Cameron Armstrong (Ph.D. student, Biola University) and his wife, Jessica, serve as church planting catalysts with the International Mission Board in Romania. In addition to personal evangelism and starting Bible studies, he teaches a class at the Bucharest Baptist Theological Institute. For more, read his “Honor and Shame Cross-Currents in Romanian Culture” (Jurnal Teologic 14:2 : 95-123).
What does honor & shame look like in Romania?
Perhaps the most common manifestation of HS is the Romanian language. Unlike English, verbs are conjugated in a way that displays status and role, pointing toward accepted methods of behavior. Formal and informal uses of verbs and forms of address instinctively express the relationship the two communicators wish to maintain. It is safe to use the formal with people who are older than you or hold a leadership position. I will admit, though, this can be pretty confusing for a foreigner sometimes!
Another interesting expression of HS is how “families” help each other out. Family is not just the nuclear family, but also a person’s extended family and close friends. There are multiple elements here, but one particular area is taking care of grandchildren. Many Romanian children spend several hours each day (if not more) in the care of their bunica (“grandmother”) while the parents go to work – this could be a day job in the city or a months’ long contract in another country. To not turn to family first in helping out with the kids is shameful and, in many Romanians’ minds, to pay someone to watch your children is downright thoughtless.
What are key words in Romanian?
The word rușine means shame and is used fairly often in multiple contexts. Two synonyms for honor are onoare and cinste.
Results from TheCultureTest.com?
When I personally took TheCultureTest on behalf of Romania, my results were: 24% Guilt, 64% Shame, and 12% Fear. Knowing that Romanian culture varies greatly from region to region, I asked friends from the multiple subsections of the country to take the test. All participants are under age 35. I then averaged all of their answers to obtain the following percentages: 37% Guilt, 48% Shame, and 11% Fear.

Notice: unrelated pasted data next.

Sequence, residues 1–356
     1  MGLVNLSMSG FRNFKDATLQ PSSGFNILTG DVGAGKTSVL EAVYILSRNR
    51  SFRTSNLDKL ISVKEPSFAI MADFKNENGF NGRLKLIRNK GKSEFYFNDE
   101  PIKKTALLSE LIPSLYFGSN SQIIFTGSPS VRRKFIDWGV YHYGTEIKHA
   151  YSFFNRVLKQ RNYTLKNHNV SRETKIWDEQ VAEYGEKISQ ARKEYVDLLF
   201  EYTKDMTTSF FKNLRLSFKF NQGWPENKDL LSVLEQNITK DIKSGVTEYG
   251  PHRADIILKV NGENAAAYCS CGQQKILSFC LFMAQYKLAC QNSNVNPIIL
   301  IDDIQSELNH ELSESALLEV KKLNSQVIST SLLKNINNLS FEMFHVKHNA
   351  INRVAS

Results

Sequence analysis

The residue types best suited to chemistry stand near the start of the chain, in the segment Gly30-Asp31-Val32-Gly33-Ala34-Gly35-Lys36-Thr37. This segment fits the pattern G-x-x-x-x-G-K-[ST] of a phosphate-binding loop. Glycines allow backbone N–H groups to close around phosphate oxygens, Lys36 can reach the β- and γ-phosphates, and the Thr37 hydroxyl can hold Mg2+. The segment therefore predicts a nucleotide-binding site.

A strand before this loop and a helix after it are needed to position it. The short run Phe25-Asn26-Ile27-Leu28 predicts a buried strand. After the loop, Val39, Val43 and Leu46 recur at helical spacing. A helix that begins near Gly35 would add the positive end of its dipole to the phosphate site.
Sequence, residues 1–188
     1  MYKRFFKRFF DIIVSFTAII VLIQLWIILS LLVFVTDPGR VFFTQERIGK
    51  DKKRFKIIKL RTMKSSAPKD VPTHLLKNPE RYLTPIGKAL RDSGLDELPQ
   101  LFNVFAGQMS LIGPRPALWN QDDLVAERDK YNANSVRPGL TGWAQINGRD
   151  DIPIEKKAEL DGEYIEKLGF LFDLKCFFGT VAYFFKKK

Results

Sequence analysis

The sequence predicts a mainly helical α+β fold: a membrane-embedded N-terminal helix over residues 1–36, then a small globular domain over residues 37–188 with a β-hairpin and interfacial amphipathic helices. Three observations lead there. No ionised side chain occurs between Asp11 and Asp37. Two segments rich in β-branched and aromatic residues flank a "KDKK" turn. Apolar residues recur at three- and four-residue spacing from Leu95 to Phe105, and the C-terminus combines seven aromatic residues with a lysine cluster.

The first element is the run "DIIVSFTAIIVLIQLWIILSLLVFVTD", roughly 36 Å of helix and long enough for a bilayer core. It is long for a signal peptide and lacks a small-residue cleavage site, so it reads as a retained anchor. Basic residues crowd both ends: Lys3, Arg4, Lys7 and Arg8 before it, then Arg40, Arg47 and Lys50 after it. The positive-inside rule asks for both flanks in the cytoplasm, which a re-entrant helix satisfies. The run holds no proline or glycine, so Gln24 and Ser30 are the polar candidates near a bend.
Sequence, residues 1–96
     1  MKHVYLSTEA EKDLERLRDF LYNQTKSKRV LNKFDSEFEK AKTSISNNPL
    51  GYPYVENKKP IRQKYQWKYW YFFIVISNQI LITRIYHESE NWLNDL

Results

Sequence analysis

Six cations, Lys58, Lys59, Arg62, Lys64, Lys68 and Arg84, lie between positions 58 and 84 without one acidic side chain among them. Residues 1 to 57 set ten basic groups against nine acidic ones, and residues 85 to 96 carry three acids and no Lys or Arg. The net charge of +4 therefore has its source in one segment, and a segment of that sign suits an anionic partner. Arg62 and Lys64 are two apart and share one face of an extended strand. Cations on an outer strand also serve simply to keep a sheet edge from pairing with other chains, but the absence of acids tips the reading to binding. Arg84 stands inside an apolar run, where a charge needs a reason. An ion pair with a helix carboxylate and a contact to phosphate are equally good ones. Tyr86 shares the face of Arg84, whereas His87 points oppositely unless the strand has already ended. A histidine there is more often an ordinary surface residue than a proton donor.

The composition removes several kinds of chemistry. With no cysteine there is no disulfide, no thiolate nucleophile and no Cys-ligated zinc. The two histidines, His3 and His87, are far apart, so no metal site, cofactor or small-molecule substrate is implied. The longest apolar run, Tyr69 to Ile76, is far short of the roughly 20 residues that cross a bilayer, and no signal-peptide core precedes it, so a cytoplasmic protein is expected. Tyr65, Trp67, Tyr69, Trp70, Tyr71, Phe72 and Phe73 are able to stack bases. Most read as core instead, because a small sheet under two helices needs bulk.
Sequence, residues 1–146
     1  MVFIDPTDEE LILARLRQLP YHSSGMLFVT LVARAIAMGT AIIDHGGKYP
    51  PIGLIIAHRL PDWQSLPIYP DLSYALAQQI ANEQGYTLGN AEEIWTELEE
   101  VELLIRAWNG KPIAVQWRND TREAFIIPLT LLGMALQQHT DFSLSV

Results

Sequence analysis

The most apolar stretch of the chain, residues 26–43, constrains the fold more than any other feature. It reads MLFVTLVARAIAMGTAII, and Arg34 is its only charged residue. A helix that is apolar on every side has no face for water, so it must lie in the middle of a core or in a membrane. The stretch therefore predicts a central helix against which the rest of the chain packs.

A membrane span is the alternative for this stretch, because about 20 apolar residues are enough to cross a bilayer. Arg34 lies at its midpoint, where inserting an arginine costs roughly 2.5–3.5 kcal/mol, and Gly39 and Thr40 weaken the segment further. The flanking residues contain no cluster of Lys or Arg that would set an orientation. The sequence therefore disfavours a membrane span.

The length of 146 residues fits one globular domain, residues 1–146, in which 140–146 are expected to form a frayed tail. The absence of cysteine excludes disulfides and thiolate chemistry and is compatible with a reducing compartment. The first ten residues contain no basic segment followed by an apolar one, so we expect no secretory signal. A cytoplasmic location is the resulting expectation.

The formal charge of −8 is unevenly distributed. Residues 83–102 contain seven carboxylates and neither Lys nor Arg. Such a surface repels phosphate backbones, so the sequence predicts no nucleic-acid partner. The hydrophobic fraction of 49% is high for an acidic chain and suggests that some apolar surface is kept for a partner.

The results show that Romanian culture as a whole tends towards shame, but not as much as I thought. Guilt is a strong factor, especially in urban areas like Bucharest and the far-west region next to the Hungarian border (historically aligning more with Central Europe than the rest of Romania). I was also surprised to see how many regions include a strong fear orientation, due in large measure to the syncretism of local religious practices with Eastern Orthodoxy.
A good story?
Earlier this year, an American friend who has lived in Romania nearly 20 years led a music camp for Romanian children at a Baptist church in Bucharest. My friend, Susan, was impressed with how quickly the children learned the material and exhibited a genuine passion for music. Knowing that they were scheduled to perform a recital on the final day before all of their parents, Susan set aside a half-hour for the students to pray for the concert. One-by-one, each child prayed a similar prayer that included the words, “Și să nu ne fie rușine” (“and let us not be shamed”). Even in this setting of fun and excitement, shame was very much on the childrens’ minds.
How has honor & shame impacted your ministry?
Because I have only recently been introduced to this topic, I haven’t addressed it too much yet. I have started to speak about these concepts with Romanian pastors, friends, and my students, and they have all reacted positively to this approach. Personally, I have started compiling a biblical story set that uses HS in Romanian culture as one of its primary themes. I hope to incorporate this more into my ministry soon.
Advice for newcomers to Romania?
Just like ministry anywhere, it takes time to build trust with partners. Romanians appreciate when you ask them to help you learn the culture and how best to interact with HS issues. Although they may not be familiar with these specific terms, Romanians are quite capable navigators regarding status and role issues. Taking this humble route bestows honor to Romanian friends, when usually the reverse stance is taken of showing honor to the Westerner.
You can read Cameron’s recently published article called “Honor and Shame Cross-Currents in Romanian Culture” by clicking on http://jurnalteologic.ro. Photo credit: Cinty Ionescu, via Flickr.